Will Low Tech Solve the Jobs Crisis?

Just as Henry Ford may not have predicted the rise of drive-in movie theaters, the Internet Age will produce changes to our physical landscape we can't yet envision.

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CJ Schmit/Flickr

In my last post, I suggested that the recent dip in jobs numbers might signal a long-term trend, as the Second Economy -- characterized by computers working among themselves -- continues to grow.

The post generated quite a few readers' comments. "We must ourselves become the computers" was one of my favorites. Another reader suggested "a Marxist redistribution of the proceeds of the economy." Yet another said he would be surprised if I found a solution "outside of an unrealistic Luddite proposal."

The solution I see for helping to reverse the trend isn't very Marxist, nor will it mark me a Luddite. And no, humans will not become computers.

Here's the idea: construction will be the engine for a much larger fraction of job growth in the Internet Age than we are currently anticipating. I call it a repurposing construction boom.

As a society, we organize our physical infrastructure to take advantage of interconnection technology. In grade school, we learned that early cities were located near harbors, on rivers, and at major road crossings. The railroad shaped much of the 19th and early 20th century urban infrastructure. Cities of that era were walking cities: people lived, worked, and shopped within walking distance of where they lived. Large cities depended on the railroads to carry raw materials to factories. Railroads carried food and coal to the cities, as well as manufactured products to customers. When people attempted to escape the unhealthy living conditions created by sewage and industrial pollution, they fled to the suburbs that grew up along railroad tracks.

Next came automobile interconnection technology, which created a very different infrastructure. Businesses no longer had to locate in the urban core. People no longer had to live within a mile of where they worked and shopped. Homes could be anywhere. People could drive to shopping centers with large parking lots. The automobile set them free -- and gave rise to a national wave of urban flight.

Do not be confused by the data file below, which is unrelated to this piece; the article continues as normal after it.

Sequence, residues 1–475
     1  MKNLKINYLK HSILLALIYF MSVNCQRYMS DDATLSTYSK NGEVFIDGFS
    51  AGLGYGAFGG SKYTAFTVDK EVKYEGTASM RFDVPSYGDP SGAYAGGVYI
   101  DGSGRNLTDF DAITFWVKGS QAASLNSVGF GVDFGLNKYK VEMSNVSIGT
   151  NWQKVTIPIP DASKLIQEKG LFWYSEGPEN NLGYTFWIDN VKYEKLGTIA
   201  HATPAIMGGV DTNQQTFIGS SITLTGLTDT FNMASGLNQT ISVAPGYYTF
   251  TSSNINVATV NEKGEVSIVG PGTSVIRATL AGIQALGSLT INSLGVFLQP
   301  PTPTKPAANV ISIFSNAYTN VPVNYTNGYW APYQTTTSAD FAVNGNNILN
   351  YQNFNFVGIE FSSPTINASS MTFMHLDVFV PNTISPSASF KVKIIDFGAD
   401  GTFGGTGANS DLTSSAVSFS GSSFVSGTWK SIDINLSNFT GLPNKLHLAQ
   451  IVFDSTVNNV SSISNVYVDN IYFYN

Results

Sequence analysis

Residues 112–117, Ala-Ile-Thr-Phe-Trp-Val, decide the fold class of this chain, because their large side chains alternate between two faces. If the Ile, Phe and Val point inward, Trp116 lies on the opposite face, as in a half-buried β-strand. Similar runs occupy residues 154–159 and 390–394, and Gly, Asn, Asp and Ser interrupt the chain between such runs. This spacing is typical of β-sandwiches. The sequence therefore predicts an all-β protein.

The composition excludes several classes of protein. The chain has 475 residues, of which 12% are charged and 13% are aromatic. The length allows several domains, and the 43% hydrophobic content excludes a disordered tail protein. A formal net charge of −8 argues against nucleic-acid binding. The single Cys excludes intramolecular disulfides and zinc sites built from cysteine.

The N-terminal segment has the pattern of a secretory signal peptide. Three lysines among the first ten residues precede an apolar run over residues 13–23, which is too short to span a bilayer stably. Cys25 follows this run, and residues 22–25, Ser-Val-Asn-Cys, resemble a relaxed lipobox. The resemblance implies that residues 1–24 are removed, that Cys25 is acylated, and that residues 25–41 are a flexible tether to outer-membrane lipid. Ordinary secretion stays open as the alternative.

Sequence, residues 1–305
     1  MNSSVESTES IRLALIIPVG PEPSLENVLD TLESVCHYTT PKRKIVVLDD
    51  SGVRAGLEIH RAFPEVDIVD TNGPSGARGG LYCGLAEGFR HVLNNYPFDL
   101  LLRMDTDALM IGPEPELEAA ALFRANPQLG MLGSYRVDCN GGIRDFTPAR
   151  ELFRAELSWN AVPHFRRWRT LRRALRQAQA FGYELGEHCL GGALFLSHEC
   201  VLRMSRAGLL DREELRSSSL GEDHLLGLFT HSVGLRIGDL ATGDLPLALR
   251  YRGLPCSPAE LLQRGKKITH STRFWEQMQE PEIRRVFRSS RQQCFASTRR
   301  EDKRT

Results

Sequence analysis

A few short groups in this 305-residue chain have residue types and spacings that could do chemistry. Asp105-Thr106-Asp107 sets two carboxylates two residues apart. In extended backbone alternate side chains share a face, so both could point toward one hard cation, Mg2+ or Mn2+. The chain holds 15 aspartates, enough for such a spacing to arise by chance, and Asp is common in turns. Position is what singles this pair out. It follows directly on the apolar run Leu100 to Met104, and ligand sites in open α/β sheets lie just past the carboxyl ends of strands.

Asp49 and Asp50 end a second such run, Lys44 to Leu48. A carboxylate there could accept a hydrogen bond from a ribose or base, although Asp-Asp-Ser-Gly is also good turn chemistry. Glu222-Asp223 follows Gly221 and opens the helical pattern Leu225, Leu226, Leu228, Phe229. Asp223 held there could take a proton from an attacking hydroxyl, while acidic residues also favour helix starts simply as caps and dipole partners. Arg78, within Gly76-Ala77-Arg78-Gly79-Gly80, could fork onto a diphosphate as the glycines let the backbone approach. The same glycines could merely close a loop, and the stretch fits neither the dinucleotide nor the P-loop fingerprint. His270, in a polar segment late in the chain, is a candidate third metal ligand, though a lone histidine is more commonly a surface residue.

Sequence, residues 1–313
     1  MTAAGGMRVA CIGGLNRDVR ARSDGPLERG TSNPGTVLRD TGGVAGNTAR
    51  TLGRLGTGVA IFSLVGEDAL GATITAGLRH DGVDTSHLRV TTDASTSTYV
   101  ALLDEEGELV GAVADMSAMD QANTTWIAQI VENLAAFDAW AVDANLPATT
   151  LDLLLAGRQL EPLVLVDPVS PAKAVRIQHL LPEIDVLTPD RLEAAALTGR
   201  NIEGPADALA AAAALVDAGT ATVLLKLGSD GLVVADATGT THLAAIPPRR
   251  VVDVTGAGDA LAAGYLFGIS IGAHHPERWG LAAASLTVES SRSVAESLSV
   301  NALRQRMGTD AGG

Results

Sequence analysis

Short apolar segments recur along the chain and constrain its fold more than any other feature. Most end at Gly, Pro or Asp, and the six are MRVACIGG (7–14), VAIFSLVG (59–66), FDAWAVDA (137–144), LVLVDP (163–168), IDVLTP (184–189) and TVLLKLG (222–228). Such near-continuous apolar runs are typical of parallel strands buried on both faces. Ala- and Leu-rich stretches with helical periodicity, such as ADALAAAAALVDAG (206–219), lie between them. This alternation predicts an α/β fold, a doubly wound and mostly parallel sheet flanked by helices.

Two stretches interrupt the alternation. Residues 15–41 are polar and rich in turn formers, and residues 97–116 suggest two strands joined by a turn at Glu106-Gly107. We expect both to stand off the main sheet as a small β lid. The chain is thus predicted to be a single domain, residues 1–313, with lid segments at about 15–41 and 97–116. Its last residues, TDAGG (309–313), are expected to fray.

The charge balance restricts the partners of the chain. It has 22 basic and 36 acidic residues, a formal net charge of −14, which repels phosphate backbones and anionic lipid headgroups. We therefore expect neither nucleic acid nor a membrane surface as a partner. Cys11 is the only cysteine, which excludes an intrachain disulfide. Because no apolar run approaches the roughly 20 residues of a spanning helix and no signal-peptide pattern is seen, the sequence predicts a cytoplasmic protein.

Think of the construction that came in the wake of the automobile -- roads, the interstate highway system, urban sprawl, shopping centers, parking facilities, gas stations, office buildings and factories outside the city, second homes within driving distance.

Physical presence is now competing with inexpensive virtual presence, and it is losing. It costs a lot to get from where you live to where you work or shop. Office and retail space are expensive to build, rent, and maintain. Keeping space cool in the summer and warm in the winter is expensive as well.

Much of our current physical infrastructure is really an information proxy. We go to the office to communicate with others and facilitate the interaction between customers and business operations. We go to retail stores to find out what is available, check prices, and see how merchandise looks. We go to the movies to watch information on the screen. But if we can move information cheaply enough, there is less need for these locations or our physical presence.

Many business transactions have moved to the Web, and take up almost no physical space. Electric utilities will ultimately end up with human-free billing processes. The home meter will send your usage to the billing computer, which will bill your bank's computer. There goes the office space needed to house hundreds of administrative workers. Similar displacements are happening at airlines, newspapers, and media companies -- just computers talking with computers.

The implication of all of this is clear. The faster and cheaper we can move information , the less retail, factory, and office space will be required on a per capita basis.